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Project title.

title = "Dissociating Cognitive and Affective Empathy in Unipolar Depression"

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date = 2014-05-01T00:00:00

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summary = "Undergraduate Honors Thesis for psychology departmental honors at the University of Kansas. Winner for the Department of Psychology's best Honors Thesis and Outstanding Research by an Undergraduate in Psychology."

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Undergraduate Honors Thesis for the Department of Psychology at the University of Kansas.


  • University of Kansas Department of Psychology Best Honors Thesis
  • Outstanding Research by an Undergraduate in Psychology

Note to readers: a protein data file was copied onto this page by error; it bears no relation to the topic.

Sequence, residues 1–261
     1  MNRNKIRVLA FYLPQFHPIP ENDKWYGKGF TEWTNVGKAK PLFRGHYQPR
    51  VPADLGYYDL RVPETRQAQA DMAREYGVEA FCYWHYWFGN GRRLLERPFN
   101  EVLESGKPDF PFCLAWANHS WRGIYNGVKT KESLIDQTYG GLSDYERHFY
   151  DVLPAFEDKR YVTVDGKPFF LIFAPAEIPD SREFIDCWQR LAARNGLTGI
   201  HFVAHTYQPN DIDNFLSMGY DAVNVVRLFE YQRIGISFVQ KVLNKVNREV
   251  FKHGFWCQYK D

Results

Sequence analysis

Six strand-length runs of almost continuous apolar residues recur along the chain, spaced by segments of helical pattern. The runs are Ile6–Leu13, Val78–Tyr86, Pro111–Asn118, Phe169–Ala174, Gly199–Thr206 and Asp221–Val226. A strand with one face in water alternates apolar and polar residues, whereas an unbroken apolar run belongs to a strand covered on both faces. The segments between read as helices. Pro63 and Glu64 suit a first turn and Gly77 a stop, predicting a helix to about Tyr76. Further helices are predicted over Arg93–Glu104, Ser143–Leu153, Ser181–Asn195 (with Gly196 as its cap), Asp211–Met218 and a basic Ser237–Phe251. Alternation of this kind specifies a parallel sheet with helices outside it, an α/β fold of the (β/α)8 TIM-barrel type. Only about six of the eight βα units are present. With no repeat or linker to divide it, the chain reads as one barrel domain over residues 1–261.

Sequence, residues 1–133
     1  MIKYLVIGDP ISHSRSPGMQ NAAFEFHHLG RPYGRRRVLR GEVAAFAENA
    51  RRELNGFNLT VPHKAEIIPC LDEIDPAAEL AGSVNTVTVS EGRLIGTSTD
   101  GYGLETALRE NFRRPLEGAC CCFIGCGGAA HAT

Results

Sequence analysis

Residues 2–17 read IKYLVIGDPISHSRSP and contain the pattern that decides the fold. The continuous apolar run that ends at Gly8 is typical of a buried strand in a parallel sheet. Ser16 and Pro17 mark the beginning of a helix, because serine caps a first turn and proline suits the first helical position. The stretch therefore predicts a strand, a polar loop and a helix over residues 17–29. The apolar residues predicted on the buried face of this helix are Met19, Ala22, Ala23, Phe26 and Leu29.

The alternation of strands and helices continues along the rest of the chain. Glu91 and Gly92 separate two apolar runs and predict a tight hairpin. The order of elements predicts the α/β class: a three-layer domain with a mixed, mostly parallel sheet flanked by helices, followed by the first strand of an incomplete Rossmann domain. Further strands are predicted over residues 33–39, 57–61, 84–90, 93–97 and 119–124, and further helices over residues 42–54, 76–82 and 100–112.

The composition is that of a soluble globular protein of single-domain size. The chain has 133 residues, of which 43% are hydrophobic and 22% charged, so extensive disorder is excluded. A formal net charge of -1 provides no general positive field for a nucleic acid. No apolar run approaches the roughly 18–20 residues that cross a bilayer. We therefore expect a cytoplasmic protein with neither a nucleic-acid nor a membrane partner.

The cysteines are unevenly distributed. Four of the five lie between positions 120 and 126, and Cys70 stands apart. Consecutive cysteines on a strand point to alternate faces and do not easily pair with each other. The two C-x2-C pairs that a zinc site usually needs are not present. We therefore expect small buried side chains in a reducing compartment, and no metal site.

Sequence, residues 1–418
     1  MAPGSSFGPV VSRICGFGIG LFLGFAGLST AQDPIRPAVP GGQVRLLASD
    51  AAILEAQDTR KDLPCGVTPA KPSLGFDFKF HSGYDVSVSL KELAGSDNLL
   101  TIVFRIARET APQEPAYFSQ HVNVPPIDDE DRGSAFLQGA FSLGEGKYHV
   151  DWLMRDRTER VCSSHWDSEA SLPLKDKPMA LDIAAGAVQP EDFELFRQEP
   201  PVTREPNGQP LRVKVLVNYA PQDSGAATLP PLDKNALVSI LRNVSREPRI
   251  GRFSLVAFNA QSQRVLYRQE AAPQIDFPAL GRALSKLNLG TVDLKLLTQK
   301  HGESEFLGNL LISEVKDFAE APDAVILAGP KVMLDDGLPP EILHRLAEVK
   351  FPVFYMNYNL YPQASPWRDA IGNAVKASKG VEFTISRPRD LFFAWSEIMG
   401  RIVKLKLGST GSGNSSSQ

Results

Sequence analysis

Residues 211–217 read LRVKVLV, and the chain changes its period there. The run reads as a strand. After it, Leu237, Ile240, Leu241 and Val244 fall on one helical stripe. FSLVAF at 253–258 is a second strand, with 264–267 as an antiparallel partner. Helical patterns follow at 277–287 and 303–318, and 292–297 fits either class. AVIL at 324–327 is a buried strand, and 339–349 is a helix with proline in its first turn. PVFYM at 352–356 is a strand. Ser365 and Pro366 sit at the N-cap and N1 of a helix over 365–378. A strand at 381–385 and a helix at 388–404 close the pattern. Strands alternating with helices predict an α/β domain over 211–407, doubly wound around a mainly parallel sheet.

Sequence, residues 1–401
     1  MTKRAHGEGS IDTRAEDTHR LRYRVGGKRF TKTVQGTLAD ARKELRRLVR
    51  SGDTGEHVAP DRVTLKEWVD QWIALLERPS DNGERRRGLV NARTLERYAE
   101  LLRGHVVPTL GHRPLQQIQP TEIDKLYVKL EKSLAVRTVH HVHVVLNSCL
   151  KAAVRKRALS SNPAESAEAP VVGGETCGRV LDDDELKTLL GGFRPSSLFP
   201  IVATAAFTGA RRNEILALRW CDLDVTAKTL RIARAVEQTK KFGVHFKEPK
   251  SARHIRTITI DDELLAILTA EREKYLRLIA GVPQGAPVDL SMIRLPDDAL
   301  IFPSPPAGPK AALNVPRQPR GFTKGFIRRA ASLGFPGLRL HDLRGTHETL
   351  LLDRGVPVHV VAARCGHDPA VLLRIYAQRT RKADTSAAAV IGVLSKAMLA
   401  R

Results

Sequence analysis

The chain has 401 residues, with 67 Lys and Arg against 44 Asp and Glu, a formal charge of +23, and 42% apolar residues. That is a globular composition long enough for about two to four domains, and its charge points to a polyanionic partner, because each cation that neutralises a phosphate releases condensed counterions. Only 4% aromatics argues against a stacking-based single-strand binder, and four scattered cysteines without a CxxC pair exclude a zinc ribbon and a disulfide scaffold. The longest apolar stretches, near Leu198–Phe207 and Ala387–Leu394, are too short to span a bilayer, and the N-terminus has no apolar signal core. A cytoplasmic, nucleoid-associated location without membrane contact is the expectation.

One aspect of higher order social cognition is empathy, a psychological construct comprising a cognitive (i.e., recognizing emotions) and an affective (i.e., responding to emotions) component. Empathy deficits have been linked to executive and emotion regulation dysfunction in depression that might underlie a patient’s interpersonal difficulties. However, most studies measure empathy through the Interpersonal Reactivity Index (IRI), which may not accurately capture affective empathy. Critically, prior studies have not examined a potential dissociation between cognitive and affective empathy in depressed individuals. In Study 1, a factor analysis determined the appropriateness of using the IRI to measure affective empathy. Results showed poor model fit with the affective empathy factor. In Study 2, we developed a behavioral measure of empathy, and examined differences in empathic processing as it relates to depression and ruminative thought. Results revealed differences in empathy between depressed and healthy controls, as well as differences by level of rumination. We discuss the implications of these findings for depression treatment.